Tip: The next time someone says that they "do a little engineering (or medicine or consulting)," make sure they are certified or licensed. Learn more about the CMC or forward this to colleagues interested in becoming certified consultants.

© 2010 Institute of Management Consultants USA

Tags:  brand management  certification  consultant role  customer understanding  ethics  knowledge assets  professional development  professionalism  reputation  your consulting practice 

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#284: Marketing Through Trade Associations

Posted By Mark Haas CMC FIMC, Thursday, April 15, 2010
Updated: Thursday, April 15, 2010
The industry I consult to is growing so fast that I'll never be able to market to all of them. How can I get more leverage than by contacting each one individually?

Trade and industry associations exist to serve their members. In associations where the members are companies, the association often collects information on member capabilities, activities, and investment or customer service plans. They often publish a newsletter or studies of industry activity, key issues or trends and major opportunities or constraints facing the industry.

If you consult to an industry, you should be in close contact with the trade association (sometimes there are several for various aspects of an industry). Use collected information on the industry or, better yet, do your own research or write articles for the association publications. Speak at their annual conference, join as an affiliate member, and participate in forums or study groups.

Being front and center in an industry as an active participant in an association demonstrates to others that you are a professional. Imagine how much more credible as a trusted advisor you are when industry mavens see your name in industry association publications and know you are committed to their industry. Make sure they know you are a member or are otherwise affiliated with the association.

Tip: The effect is similar when you talk to your clients and let them know that you are a member of a professional consulting organization and not "just doing a little consulting" while looking for another job in the industry. Certainly, being able to show that you are a member of IMC, which sets the standards and competency framework for professional consulting in the US, enforces ethics and certifies consultants to global standards, will increase your credibility.

© 2010 Institute of Management Consultants USA

Tags:  marketing  professionalism  publicity  reputation  sales 

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#283: Do You Really Understand Other Generations?

Posted By Mark Haas CMC FIMC, Wednesday, April 14, 2010
Updated: Thursday, April 15, 2010
As consultants, we are supposed to be able to quickly assess various business environments, understand cultural and technological trends and, in general, be able to see how others see the world. Intellectually, this may make sense, but can a person really understand fully the perspective of another generation?

Here's a test. Watch any of the following four short videos: Wheter you are a Baby Boomer, Greatest Generation or GenXer, think about how hard it would be to convey the social or personal significance of these events, activities or icons to someone of another generation. You could tell them what it was like but would they really feel it the same way you do when you watched these videos? If you are not one of these generations, show these to someone who is and let them try explain it to you.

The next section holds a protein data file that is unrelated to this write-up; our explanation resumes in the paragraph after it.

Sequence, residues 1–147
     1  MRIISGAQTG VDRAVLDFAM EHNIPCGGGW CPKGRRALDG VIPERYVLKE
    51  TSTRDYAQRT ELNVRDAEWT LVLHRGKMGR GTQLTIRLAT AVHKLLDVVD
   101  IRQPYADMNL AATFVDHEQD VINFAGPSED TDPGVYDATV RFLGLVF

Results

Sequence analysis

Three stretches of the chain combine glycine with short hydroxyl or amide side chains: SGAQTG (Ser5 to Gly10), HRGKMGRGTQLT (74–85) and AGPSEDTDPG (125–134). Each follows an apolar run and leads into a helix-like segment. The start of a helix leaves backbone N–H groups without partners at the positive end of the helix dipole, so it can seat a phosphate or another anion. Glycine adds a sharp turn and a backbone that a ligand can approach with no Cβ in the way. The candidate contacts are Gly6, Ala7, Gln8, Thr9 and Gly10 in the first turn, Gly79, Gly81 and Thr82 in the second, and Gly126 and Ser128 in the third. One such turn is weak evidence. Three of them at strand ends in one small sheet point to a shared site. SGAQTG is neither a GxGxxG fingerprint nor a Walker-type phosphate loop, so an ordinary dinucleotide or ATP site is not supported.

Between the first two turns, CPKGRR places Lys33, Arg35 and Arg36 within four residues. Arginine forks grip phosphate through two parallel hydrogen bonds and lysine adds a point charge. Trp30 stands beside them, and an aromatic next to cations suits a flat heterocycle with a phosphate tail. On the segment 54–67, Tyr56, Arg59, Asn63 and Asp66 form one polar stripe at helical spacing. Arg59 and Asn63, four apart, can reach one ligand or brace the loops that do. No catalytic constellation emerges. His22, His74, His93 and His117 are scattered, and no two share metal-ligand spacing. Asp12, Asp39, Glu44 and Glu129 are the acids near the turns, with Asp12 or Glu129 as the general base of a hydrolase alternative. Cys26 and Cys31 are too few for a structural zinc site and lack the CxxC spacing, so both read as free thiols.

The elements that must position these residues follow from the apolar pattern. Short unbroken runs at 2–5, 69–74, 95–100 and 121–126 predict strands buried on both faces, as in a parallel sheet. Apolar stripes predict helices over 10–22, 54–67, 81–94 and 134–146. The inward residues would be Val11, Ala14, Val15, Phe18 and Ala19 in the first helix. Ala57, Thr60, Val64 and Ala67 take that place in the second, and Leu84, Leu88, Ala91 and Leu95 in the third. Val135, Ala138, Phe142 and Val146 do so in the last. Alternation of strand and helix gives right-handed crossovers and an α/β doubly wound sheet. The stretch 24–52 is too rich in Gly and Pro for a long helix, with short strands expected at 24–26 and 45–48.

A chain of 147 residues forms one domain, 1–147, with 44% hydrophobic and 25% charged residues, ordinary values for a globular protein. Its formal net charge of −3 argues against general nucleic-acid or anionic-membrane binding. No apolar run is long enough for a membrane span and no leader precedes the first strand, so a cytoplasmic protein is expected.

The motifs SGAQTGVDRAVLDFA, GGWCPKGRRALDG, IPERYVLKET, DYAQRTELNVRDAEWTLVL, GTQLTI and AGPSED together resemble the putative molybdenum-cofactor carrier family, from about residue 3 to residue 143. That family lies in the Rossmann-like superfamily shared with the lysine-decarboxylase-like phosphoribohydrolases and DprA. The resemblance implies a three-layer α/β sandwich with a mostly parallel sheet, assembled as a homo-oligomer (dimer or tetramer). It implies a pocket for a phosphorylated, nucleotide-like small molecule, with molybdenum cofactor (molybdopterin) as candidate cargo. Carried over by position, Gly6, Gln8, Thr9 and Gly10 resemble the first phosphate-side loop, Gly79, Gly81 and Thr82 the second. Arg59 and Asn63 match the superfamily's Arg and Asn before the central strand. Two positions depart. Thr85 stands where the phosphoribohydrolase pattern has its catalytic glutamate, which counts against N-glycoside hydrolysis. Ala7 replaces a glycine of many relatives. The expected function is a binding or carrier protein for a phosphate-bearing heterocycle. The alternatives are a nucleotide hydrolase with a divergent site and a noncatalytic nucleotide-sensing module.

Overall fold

In either case, you will begin to appreciate how truly distinct the culture of each generation is at the most basic level. We would do well to remember this the next time we assume we "get" a different culture, age group, or technical discipline.

Tip: As another treat, watch When Life Was Black and White. Send any comments you have to

© 2010 Institute of Management Consultants USA

Tags:  business culture  customer understanding  demographics  trends 

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#282: Do Clients Insist on Your Brand?

Posted By Mark Haas CMC FIMC, Tuesday, April 13, 2010
Updated: Tuesday, April 13, 2010
My services (process improvement) are similar to those provided by dozens of other consultants. I don't even know how many competitors I have, but there must be a lot because I am not getting as many engagements as I should. How do I increase my win rate?

It's not clear how to respond to your statement of how much you "should" be winning. However, there is one thing you can do to make sure you win engagements from clients who pick from a basket of similar consultants or decide solely on price.

What if you could create in your prospective customer's minds an insistence for your brand, not merely brand awareness. We are all aware of a lot of brands such as sports teams, soft drinks, and automobiles. However, we are somewhat indifferent between them if we had to make a decision under duress and would find any one of the items in these categories acceptable for entertainment, thirst quenching or transportation.

You say you don't know who your competition is, but you do know that there is a reason why your clients selected you over your competitors. Ask each of your clients what it was that they saw in you that made you the most attractive choice.

Tip: Perhaps more important, ask them what would cause them to select someone in the future, and how your services, reputation, pricing, ethics, etc. align with those criteria. This is the kind of solid market research you need to solidify your brand so that prospects will insist on it.

© 2010 Institute of Management Consultants USA

Tags:  brand  brand management  client relations  competition  customer understanding  market research  marketing  reputation